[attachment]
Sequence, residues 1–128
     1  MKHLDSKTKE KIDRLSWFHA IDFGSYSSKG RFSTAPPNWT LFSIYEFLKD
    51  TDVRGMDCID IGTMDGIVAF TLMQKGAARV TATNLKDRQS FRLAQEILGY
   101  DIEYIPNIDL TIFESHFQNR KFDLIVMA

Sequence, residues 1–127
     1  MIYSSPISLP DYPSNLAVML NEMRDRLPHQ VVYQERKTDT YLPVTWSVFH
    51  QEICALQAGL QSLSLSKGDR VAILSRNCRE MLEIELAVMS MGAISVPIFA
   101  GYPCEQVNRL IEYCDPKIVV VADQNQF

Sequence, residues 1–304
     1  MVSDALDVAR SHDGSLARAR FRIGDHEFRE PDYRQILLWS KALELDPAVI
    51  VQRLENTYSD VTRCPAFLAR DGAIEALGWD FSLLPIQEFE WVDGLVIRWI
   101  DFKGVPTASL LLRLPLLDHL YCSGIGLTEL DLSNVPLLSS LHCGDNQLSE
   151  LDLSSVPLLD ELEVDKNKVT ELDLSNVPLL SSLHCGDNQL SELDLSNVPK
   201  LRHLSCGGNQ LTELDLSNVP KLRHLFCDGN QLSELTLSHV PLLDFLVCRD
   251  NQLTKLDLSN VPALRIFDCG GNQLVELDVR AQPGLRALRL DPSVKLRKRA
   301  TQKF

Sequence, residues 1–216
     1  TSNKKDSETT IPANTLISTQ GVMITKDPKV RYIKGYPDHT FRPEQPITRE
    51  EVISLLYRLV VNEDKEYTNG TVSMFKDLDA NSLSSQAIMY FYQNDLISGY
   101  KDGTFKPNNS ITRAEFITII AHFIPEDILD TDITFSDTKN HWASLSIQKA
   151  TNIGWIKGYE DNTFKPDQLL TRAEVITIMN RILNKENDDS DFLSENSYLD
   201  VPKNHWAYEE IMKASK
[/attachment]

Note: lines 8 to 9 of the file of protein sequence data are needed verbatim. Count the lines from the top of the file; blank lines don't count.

   101  GYPCEQVNRL IEYCDPKIVV VADQNQF

Sequence, residues 1–304